As students across the country return to school, there is considerable discussion about what K-12 education will look like in the coming year. Covid-19 refuses to give up without a fight, but as vaccinations slowly spread throughout our nation, students, parents, and educators are hoping that, with the exception of masks and other precautions, back-to-school this fall will resemble something closer to the pre-Covid educational experience. Even if the return to school buildings is more “normal”, the long-haul impacts of the pandemic on institutions and the young people they serve will be felt for the indefinite future. Many questions remain: What knowledge has been lost? Are students prepared for next-level learning? Will graduates be ready for college? Does an A in calculus mean the same this year as it did before? What do students know? Who has been left behind? How do students and schools effectively communicate what has been learned? And, on a more macro level, is the educational experience of the past what’s right for the future?
If recent years are any indication, floods, fires, and flu are the reality of our present and harbingers of our future. Therefore, we need to vaccinate our schools—and ways of educating students—from inevitable disruption and unexpected challenges. We must future-proof our ways of learning.
Salman Khan is the founder and CEO of The Khan Academy, a nonprofit organization with a mission to “provide a free, world-class education for anyone, anywhere.” He saw these learning challenges coming long ago, and as outlined in his book, “One World Schoolhouse”, he has been advocating a different model for education. In 2014 he founded Khan Lab School (KLS), a bricks and mortar K-12 school, to bring his vision of mastery-based, blended learning to life. In the spring, the first senior class graduated from the Khan Lab High School (KLHS) and I sat down with Khan to explore this model of education and the potential it has to transform the ways we learn and prepare for the future.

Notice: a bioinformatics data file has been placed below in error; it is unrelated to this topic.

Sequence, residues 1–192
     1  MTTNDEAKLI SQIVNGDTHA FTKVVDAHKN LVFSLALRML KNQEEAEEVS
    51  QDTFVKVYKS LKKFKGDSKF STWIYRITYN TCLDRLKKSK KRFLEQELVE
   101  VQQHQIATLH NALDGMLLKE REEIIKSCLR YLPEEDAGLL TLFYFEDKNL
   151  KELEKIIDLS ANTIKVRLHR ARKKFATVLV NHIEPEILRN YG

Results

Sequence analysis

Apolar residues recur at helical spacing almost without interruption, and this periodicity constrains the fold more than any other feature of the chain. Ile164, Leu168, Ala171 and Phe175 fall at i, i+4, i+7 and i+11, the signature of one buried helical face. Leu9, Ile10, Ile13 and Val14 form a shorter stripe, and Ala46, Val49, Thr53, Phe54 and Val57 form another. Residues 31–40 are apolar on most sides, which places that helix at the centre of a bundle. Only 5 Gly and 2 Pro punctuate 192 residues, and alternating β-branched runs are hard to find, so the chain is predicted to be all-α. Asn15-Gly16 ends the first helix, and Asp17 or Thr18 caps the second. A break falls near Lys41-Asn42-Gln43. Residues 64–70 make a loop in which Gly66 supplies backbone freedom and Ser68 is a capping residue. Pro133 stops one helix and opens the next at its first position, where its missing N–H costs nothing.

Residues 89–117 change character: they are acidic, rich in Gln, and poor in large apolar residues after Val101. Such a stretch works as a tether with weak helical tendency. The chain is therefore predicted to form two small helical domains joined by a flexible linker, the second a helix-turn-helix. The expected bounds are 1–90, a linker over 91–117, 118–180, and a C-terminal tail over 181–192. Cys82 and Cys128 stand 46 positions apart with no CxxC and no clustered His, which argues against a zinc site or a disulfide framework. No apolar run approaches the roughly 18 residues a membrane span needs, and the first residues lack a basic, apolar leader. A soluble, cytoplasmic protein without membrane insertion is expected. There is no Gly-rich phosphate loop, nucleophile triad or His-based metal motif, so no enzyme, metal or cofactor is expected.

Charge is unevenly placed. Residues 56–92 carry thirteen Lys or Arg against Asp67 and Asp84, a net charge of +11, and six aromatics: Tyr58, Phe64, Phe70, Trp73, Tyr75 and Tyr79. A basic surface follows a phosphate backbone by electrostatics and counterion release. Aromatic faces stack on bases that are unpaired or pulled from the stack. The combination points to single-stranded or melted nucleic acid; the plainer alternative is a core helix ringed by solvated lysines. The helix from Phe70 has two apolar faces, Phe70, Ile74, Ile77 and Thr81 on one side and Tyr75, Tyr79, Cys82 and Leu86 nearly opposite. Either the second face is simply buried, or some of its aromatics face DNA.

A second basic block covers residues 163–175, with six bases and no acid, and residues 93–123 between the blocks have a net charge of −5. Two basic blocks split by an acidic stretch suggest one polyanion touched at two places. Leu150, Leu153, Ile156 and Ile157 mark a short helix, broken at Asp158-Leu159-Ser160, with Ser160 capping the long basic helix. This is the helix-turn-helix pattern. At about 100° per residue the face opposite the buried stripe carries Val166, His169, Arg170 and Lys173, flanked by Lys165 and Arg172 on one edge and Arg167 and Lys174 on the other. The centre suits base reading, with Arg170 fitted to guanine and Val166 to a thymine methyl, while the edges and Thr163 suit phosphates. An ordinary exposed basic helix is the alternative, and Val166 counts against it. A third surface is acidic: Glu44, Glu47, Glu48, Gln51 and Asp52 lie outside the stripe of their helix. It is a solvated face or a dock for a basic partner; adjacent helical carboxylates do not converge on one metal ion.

Khan’s priority was to build what he calls “fault-tolerant” schooling. For those of you who, like me, don’t hold degrees in computer science, fault tolerance is the ability for a system (education in this case) to continue to function well despite setbacks or isolated failures. Traditional college-prep classrooms do not typically make space for faults, which can lead to a high-stakes focus on earning a specific grade and a fixation on outward achievement. The result is often the perception from students that they must portray perfection while avoiding any hint of uncertainty or failure. At KLHS, students are encouraged to take educational risks and to challenge themselves to a fault. Learning is about deep understanding, not surface perception.
Khan argues that we can, and must, do better in supporting the learning of our K-12 students without allowing young people to slip through the cracks. He bemoans our antiquated approach of promoting students year after year under “a farce of supposed learning.” Khan points to the fact that 65% of students in four-year degree programs and 70% of students in community colleges have to essentially relearn math at the middle school level because they lack proficiency. He adds, “this is especially true for students who are traditionally under-resourced.”
With hundreds of millions of students using Khan Academy’s free adaptive learning platform to further their mastery of a subject, Khan felt that it was a “shame that they rarely had this same opportunity in school.” He says, “schools need to anchor more on student agency and a peer-to-peer model” where adults are not at the center of knowing and learning. He adds, “sometimes the framework of liberating the adults in the learning process can be intimidating,” but in doing so we make space for “rich human connection.” Teachers can take the role of coach and mentor rather than deliverers of content. At Khan Lab High School, relationships between students and inspiring faculty are at the core of the experience, fostering curiosity and ownership that is central to the learning process.